If you’ve spent any time on Twitter over the past week, chances are you’ve seen emoji box grids take over your feed. It’s because of , a new puzzle game that has become an obsession for many since The New York Times a little over a week ago.
Like other viral games, Wordle is deceptively simple: you have six chances of guessing a new five-letter word. And that’s about it. There is only one puzzle per day, and it’s free and ad-free. Its creator, a software developer named Josh Wardle, is apparently by the popularity of its game. But the fact that the game has no application allowed the developers to create their own counterfeit version of the game.
A particularly egregious example comes from developer Zach Shakked who created an app called “Wordle – The application.” At first glance, the app, which is captioned “Word game Everyone is playing!“Could easily be mistaken for the original. The word grid looks almost the same and even uses the same color scheme. But Shakked’s version also requires players to purchase a ‘pro’ subscription which costs $ 29.99. $ after a three-day “free trial”.
But between the name of the app “Wordle” and running search ads against the term in the App Store, Shakked seems to have managed to capitalize on the popularity of the game originally created by Wardle. “This is absurd. 450 tries at 1 a.m. last night, now at 950 and getting new ones every minute,” he wrote in a tweet that has since been made private. “12,000 downloads, ranking pun # 28 and result # 4 for “Wordle” in the App Store We’re going to the fucking moon.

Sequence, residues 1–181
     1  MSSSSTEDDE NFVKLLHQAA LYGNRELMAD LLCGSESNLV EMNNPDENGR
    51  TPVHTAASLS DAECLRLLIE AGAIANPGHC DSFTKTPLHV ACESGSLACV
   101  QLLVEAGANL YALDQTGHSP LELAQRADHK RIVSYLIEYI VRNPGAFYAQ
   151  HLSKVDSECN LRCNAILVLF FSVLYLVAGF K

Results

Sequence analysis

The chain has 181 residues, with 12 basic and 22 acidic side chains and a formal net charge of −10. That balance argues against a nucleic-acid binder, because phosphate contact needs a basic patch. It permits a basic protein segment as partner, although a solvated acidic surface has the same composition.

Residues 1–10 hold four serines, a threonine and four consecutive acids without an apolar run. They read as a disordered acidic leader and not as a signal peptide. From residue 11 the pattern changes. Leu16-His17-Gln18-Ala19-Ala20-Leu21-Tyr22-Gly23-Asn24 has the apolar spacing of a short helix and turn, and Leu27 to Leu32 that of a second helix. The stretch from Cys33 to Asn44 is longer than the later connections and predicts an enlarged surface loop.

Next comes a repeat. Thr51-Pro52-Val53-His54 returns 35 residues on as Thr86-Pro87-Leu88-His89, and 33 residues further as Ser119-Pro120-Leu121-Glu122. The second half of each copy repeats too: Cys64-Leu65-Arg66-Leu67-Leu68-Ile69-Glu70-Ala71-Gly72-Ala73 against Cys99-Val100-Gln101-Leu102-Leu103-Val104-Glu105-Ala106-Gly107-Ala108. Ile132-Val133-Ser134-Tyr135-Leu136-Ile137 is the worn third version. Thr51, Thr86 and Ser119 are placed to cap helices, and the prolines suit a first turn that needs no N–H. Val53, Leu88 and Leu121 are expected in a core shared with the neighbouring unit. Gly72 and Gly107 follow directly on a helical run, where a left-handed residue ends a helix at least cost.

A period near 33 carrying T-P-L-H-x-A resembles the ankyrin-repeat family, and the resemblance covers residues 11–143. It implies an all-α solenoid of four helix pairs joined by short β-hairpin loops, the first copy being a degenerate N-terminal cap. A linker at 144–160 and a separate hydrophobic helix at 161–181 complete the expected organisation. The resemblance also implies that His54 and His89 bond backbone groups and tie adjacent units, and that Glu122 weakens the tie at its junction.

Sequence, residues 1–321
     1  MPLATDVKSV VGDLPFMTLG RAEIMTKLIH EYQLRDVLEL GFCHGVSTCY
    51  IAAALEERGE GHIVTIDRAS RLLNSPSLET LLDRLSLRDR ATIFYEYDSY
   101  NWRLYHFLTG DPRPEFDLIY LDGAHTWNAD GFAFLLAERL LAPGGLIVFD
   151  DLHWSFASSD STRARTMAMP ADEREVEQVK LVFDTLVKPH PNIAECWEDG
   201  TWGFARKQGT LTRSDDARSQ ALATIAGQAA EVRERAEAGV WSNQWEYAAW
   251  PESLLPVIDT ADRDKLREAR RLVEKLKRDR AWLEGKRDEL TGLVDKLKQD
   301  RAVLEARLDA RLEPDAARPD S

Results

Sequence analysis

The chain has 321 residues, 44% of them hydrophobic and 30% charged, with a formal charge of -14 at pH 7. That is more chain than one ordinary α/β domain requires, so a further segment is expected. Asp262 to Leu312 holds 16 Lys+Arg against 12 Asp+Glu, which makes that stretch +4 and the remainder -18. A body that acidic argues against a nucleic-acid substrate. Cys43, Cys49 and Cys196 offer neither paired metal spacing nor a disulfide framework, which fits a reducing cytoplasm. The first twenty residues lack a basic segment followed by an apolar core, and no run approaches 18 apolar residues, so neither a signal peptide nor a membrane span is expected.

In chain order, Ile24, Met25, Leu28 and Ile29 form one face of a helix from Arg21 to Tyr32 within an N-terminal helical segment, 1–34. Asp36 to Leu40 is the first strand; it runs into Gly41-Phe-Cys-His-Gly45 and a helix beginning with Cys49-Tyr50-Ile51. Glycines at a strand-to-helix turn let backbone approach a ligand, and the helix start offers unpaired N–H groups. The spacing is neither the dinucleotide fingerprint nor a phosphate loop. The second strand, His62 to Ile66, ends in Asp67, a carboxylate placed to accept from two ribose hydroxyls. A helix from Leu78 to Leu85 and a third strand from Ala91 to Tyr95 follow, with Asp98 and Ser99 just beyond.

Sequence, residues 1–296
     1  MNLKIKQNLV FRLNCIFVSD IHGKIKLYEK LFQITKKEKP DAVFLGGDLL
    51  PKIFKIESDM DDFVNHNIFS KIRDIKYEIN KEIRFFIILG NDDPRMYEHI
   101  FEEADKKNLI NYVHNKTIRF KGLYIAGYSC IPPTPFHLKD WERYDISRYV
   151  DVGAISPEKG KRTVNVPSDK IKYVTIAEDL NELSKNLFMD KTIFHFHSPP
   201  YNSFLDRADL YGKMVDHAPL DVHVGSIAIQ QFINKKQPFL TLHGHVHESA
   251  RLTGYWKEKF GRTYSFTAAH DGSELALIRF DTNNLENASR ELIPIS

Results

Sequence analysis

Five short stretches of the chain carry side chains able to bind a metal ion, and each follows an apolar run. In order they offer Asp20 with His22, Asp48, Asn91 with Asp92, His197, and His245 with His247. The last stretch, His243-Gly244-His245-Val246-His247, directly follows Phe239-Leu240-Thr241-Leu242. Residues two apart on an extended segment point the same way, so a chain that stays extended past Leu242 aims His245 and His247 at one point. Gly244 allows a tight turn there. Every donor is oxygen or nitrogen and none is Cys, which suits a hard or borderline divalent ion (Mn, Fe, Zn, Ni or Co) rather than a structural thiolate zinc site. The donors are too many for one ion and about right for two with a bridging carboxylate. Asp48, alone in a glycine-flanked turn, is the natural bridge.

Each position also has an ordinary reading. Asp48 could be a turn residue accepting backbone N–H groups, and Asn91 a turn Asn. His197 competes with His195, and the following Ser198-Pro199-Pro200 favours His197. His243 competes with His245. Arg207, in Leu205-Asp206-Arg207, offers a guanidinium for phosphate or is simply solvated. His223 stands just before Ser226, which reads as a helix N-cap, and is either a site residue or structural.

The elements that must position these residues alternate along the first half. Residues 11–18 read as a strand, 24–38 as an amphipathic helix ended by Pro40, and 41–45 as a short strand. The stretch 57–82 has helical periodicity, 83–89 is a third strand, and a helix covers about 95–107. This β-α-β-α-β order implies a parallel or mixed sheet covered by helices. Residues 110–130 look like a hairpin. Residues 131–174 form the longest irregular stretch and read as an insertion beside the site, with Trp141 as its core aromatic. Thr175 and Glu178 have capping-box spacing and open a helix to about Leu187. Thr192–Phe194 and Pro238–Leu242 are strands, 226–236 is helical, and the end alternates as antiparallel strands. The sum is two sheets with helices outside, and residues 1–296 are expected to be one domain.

Shakked and Wardle did not respond to questions from Engadget. But Shakked isn’t the only developer trying to cash in on the popularity of Wordle. Its application is one of at least six Wordle clones launched in the App Store within eight days of the original New York Times article on Wordle. Another, called “What Word – Wordle,” who charges an in-app purchase of $ 0.99 to remove ads, claims to be the “No. 1 word game” in his App Store screenshots. . (It’s actually ranked # 7 in word games, according to its App Store list.)
Fraudulent counterfeit apps capitalizing on the popularity of a viral game are nothing new, of course. Game developers have been the practice for years. Apple did not immediately respond to questions about Wordle clones in his store. But, thanks to the emails released during Epic v. Apple test, we know that copy apps have long been a source of frustration for Apple executives. “Does anyone review these apps?” Does nobody look after the store? “Wrote Phil Schiller in . Three years later, he complained that “I can’t believe we still don’t have” automated tools to find scam apps.
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